So bags dropped off, we took a walk to The Junction diner, passing the old Record Rev on the way. Waiting for us in front of The Junction was a newspaper machine with the weekend Daily Chronicle. Front page above the fold story on the reunion. She still loved me!
After bottomless coffee, toast, meat and eggs, we headed to Otto's. We were early, so we took a walk down historic Lincoln Highway. Some of the old spots remained, some were gone and some were on life support. But the anchor business, Paperback Grotto, remained. It was there before us and there to welcome us home. If the town of DeKalb was a game of Jenga, the Grotto is the one stick you couldn't remove without collapsing the entire structure.
Meanwhile, back at Otto's, it was time for load-in. The bands were beginning to arrive. And I was in charge. It was a seven band bill and there was a lot of backline to deal with. If we had to deal with changing and storing seven different sets of drums and amps, we'd be there for a week. Luckily, everyone was happy to pitch in equipment for those of us who showed up without. We managed with two drum kits and 4 or 5 amps for the entire night. And Otto's was looking pretty full just from all the band members wandering around.
Dan Chambers opened the evening with a solo set of songs from his band Smile. Next year, we're getting the whole band back together! (I'm talking to you, Porcellino!) Up next was Eddy Be and blackcandlelove with a vintage set of DeKalb coffeehouse rock funkery. OB&C hit after that and then our DeKalb headliner. The return of The Service! I was especially proud of this coupe. And they delivered. By this point, I'd put a dent in the dressing room keg and The Service really hit the spot.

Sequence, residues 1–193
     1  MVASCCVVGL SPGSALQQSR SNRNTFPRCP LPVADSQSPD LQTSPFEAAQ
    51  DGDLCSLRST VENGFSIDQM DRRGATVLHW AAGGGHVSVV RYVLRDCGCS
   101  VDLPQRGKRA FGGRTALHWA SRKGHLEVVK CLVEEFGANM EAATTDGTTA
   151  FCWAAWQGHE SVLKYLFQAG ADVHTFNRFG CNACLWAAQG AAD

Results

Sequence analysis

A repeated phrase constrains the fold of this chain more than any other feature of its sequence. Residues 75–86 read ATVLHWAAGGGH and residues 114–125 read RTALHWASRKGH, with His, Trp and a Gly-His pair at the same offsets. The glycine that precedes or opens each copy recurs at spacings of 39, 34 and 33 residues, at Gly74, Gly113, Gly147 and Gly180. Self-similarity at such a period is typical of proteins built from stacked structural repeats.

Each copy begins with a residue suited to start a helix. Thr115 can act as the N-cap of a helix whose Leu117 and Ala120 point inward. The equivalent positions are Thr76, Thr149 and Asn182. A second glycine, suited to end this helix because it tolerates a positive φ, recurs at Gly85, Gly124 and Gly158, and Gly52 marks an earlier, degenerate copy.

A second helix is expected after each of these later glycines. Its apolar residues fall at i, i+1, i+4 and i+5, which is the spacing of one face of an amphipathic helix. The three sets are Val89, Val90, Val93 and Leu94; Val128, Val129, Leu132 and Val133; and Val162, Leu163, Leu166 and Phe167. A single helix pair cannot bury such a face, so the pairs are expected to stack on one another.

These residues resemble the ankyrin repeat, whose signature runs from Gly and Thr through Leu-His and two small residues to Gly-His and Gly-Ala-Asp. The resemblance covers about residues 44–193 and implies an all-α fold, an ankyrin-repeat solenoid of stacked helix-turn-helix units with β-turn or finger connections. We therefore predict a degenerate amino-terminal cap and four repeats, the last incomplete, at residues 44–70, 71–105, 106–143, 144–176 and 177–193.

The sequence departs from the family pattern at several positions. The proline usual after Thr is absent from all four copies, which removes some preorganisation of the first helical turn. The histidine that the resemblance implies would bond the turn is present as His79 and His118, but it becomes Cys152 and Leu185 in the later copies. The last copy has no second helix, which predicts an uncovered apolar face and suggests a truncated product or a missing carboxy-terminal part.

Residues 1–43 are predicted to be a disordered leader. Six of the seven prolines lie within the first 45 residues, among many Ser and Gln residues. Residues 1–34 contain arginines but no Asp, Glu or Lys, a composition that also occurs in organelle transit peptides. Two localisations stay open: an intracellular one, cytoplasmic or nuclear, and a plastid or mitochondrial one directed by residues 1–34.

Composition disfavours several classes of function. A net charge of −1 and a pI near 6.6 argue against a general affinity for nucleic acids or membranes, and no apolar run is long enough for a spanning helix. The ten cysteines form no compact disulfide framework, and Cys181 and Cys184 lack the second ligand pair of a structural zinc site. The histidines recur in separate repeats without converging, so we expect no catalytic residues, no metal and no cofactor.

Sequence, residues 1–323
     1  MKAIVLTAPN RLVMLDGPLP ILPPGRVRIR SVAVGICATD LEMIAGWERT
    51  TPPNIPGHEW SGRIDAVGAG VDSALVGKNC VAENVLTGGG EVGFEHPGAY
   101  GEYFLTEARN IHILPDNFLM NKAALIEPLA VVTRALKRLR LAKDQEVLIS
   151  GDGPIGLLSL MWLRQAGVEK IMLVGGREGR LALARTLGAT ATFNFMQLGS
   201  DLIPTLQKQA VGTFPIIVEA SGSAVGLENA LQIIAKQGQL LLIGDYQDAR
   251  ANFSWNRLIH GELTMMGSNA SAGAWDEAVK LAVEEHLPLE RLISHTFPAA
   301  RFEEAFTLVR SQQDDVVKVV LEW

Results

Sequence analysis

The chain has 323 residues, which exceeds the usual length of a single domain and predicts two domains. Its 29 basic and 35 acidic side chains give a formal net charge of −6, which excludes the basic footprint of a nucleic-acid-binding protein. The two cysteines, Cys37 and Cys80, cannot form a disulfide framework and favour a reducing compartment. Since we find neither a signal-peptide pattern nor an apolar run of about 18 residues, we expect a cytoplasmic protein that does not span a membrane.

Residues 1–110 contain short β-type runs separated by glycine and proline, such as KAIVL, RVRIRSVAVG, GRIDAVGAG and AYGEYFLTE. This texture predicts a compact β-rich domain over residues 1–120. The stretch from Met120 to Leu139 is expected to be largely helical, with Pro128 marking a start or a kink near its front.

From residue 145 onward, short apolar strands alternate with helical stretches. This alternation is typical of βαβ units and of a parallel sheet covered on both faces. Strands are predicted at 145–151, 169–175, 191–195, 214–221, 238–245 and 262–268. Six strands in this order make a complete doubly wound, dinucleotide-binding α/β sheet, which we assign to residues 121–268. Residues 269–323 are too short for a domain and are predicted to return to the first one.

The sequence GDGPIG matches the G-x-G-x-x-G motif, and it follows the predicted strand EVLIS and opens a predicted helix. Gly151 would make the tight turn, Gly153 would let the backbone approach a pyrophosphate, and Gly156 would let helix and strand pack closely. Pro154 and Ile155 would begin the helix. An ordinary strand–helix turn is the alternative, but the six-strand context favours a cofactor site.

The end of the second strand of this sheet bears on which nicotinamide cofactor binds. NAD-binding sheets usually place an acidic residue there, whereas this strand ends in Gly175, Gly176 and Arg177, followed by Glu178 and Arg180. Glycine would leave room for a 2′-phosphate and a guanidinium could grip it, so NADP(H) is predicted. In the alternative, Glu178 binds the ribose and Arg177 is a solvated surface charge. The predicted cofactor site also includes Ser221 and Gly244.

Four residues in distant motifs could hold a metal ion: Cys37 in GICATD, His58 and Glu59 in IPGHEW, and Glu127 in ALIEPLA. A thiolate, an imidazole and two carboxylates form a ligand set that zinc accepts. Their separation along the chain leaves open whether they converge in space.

The Service left DeKalb just as I was showing up. I saw them a handful of times back in the day as a five piece and I even saw the pre-Service band, BB and the Guns, open for The Ramones. But this was the first time I saw the stripped down four piece. And I've been listening to their compilation CD, This Was The Service, on endless loop since I got back to Jersey. One of the highlights of this entire project was getting to know The Service. Just a pleasure. Great guys making great music.
happy hunting hit after The Service. Timed perfectly for my free beer drunk. One more show. Special guests galore! Blue Green God's Don Yanek was handling drums for the bulk of the show. And handle the drums he did. But when Parker called up FISHMAN!, well ... FISHMAN!
But the parade of DeKalb's finest hardly ended there. Tom Ellett hopped up to pound for a couple songs. And for the last song, Parker handed his bass to Tom Rose, reuniting two thirds of Blue Green God. Yanek kicked in KISS' Strutter and I swear I saw pyro.
I put down my camcorder after hunting so I could mingle. And mingle I did. Caught up with Diane and Cerny from the Rev.
Unfortunately, Bobbo was not to be found. Next time, we kidnap him. But the Deegan sisters were there! And a stroll outside for a smoke break caught Eddy from bcl schooling a young un on DeKalb rapping.
I managed to make it back inside for some SubVerts, who were even better than the night before. And Ring 13 closed out the night with special guest Tom Clark from Blatant Dissent, ending the night, once again, asking DeKalb to paint their dick.
And just like that, it was all over. But not without plenty of talk about next year. Oh, yes. Tom and I worked out all the kinks. We went into this having no idea what we were doing and it was an all around success. It can only get better. And bigger!